Monday, 29 October 2012


The purpose of this blog was not to share my personal struggles. It was meant to be an educational blog. It was meant to be a place full of information and full of hope. But today the loneliness is too much to carry. I'm not sure if anyone will be able to learn anything from this post, but I need to talk to someone and this is the only place I have left.

I need to bleed.

Now, it would be a simple thing to take a blade and draw blood from any convenient vein. But I'm not yet far enough gone to loose sight of the fact that doing this would only compound the weight that I'm carrying today. It would create another secret. More shame. More to hide.

It would isolate me further.

So I chose to bleed ink onto paper, staying up all night with my journal. But my journal has become empty. No one but me reads it, so it only shifts the secrets from my heart onto paper. The secrets remain secrets. In black and white, the loneliness just becomes an even bigger, greyer emptiness.

I wanted to share my biggest secret. I created this blog for that purpose, but decided to use it for something less self-centred instead. So I joined what I thought was the appropriate community to share it with. But my secret isn't wanted there. It is too big, too extreme, or perhaps to explosive. Perhaps they fear that my secret will light a fuse that can blow up the entire community.

I don't blame them. They have hundreds - no, thousands - of other members. The many is always more important than the one.

And so I am left feeling more alone than I've felt since the first time I found out that there were millions of other boys like me, who were used and abused like me. None of these millions of boys/men carry a scar that is quite the same shape as mine. They don't have blood on their hands. Their feelings of guilt is the product of stigmas, myths and ignorance. It is the handiwork of perpetrators who had spent months, perhaps even years, carefully grooming them to take the blame on themselves.

My guilt is different.
My guilt is rational.
My guilt is real.

Today I have to face the fact that, even in a group of male sexual abuse survivors, I don't fit in.

I believed that I was on the road from survivor to thriver. I had no idea that the road ran this close to the edge of abyss, that it would be this easy to slip back into the deepest darkness of depression where even God seems unreachable.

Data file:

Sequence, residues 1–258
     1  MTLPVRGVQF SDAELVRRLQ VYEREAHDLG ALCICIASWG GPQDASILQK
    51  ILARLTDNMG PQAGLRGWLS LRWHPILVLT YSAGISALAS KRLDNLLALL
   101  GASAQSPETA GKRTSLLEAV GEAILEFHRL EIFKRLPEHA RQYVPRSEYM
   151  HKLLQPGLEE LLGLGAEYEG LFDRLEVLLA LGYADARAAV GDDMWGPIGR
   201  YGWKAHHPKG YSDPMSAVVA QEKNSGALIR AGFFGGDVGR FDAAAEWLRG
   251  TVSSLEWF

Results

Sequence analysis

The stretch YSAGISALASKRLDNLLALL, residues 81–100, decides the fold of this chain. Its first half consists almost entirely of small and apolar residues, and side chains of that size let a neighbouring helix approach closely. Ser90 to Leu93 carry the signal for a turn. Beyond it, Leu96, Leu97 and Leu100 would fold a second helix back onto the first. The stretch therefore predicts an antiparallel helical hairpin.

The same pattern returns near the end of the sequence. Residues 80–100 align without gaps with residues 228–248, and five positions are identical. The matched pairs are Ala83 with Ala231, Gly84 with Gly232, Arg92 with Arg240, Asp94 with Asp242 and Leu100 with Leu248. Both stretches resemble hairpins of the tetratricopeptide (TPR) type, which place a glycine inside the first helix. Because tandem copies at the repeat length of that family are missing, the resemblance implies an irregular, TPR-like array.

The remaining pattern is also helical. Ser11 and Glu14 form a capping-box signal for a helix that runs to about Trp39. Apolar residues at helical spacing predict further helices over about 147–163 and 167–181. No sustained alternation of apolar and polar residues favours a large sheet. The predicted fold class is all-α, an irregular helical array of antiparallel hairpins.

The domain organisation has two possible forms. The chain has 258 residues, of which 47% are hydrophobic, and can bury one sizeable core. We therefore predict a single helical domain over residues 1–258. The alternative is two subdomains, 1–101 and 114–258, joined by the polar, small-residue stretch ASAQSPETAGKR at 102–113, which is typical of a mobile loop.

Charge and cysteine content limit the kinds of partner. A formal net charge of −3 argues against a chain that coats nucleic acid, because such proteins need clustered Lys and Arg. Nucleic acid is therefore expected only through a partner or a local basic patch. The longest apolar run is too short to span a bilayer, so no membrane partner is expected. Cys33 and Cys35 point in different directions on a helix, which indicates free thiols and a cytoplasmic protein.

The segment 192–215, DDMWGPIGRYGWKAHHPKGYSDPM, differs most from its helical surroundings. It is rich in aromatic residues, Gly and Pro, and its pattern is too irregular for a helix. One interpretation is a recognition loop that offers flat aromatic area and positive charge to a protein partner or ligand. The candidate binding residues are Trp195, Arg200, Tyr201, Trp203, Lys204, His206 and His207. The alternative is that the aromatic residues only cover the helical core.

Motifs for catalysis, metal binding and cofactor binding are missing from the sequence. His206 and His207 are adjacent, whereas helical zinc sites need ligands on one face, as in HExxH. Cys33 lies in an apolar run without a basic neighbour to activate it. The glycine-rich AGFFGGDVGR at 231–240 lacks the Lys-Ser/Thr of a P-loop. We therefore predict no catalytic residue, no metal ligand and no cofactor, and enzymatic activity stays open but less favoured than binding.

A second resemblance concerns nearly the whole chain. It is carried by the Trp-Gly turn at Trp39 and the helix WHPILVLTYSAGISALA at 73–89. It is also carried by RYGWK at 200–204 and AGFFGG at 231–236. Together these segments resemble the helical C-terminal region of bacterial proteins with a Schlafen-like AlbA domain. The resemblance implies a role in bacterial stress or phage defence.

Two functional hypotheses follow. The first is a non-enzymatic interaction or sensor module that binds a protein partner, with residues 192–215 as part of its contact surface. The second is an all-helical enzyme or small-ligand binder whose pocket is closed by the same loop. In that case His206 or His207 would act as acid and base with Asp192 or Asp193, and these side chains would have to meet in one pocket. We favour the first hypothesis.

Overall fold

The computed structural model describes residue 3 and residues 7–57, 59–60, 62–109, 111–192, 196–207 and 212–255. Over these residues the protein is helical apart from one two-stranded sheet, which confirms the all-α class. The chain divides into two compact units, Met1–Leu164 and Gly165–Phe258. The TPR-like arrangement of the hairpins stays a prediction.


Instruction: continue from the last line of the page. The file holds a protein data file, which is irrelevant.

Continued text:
Is there anyone out there who is like me, or will I have spend the rest of my life wearing masks, pretending to fit in in groups of people who will never really know me completely?

I'm not sure if I have the will to live life like that...


  1. I have read some of your other posts and as a mother of 2 grown up daughters I can give you some hope. You have a daughter, hang in there for her if you cannot do it for yourself. Guilt eats you up and she needs every ounce of you. I work with terminally Iill patients as a volunteer - providing them with an opportunity to prepare themselves. Every single one of them has guilt of some sort. My job is not to judge them and I don't. Some people ask me why I do it and my answer to them is that there is nothing as real as connecting with a person that is looking death in the face. I have been told some things that some might find shocking but I feel privileged that they have chosen me to hear it. I always say to them look at the reasons why you did certain things in your life, not to justify it but so that you remind yourself that you are human and at the time it was the best you knew to do. Give yourself some slack and enjoy your relationship with your child.

    1. Thank you, Rose. It helps just to know that someone read this.

      And thank you for once again reminding me that my daughter needs me. She is the main reason why I have been holding on this long, and I will continue to survive for her.

    2. My husband like you is a survivor of both sexual abuse and rape, so I know something of what you are going trough. We live in South Africa which has all sorts of other problems, both now and in the past. I think you are doing a great job. I hope you meet up with my husband someday, he is a really great guy who is currently starting up an organization to assist guys such as yourself.

    3. Your husband is fortunate to have your support.

  2. It's me again, I think it is quite ironical that I stumbled across your blog. From reading your story I think you may also be from South Africa. Please do me a favour, my husband has also started a blog with his story, take some "time out" and read it. It is whatever you do don't give up, I know your story may seem different but you were pushed beyond what anybody especially a child should have to deal with. I must add that I have just completed a creative writing course and I now look at people's writing in a different light and your writing is brilliant, very compelling and sincere. Well done on your blog, your talents may lie where you have never looked. I will stop harassing you now.

    1. I prefer not to comment on where I'm from. I want to keep this blog anonymous, and sharing my location is an unnecessary hint that might identify me to someone who knows me in real life. But I'll check out your husband's blog. And thank you for the compliment on my writing. It means a lot to hear that from someone who actually have some training...

    2. Oh, and I don't call the harassment. It's good to know that this blog is reaching someone ;)

  3. Hi. I am not sure what you would consider "like you." I find solace in a support group for others who have been a victim of sexual assault/abuse resulting in PTSD. Its amazing how different our traumas are, we all have the same issues now because of it. Thats where I find solace and companionship, knowing they struggle with the same day to day issues.


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